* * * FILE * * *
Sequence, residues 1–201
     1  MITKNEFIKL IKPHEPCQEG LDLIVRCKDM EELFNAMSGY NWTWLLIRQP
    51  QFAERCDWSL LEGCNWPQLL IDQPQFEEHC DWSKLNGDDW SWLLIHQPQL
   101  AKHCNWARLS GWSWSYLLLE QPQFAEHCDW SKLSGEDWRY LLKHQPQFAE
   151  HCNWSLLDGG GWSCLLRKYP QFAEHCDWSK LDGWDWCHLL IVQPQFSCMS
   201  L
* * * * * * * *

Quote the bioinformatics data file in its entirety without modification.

Sequence, residues 1–201
     1  MITKNEFIKL IKPHEPCQEG LDLIVRCKDM EELFNAMSGY NWTWLLIRQP
    51  QFAERCDWSL LEGCNWPQLL IDQPQFEEHC DWSKLNGDDW SWLLIHQPQL
   101  AKHCNWARLS GWSWSYLLLE QPQFAEHCDW SKLSGEDWRY LLKHQPQFAE
   151  HCNWSLLDGG GWSCLLRKYP QFAEHCDWSK LDGWDWCHLL IVQPQFSCMS
   201  L